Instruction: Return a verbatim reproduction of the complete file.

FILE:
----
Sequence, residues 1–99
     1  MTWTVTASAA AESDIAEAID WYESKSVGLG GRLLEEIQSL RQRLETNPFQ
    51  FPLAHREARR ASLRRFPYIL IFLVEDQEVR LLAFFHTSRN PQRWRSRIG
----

Sequence, residues 1–99
     1  MTWTVTASAA AESDIAEAID WYESKSVGLG GRLLEEIQSL RQRLETNPFQ
    51  FPLAHREARR ASLRRFPYIL IFLVEDQEVR LLAFFHTSRN PQRWRSRIG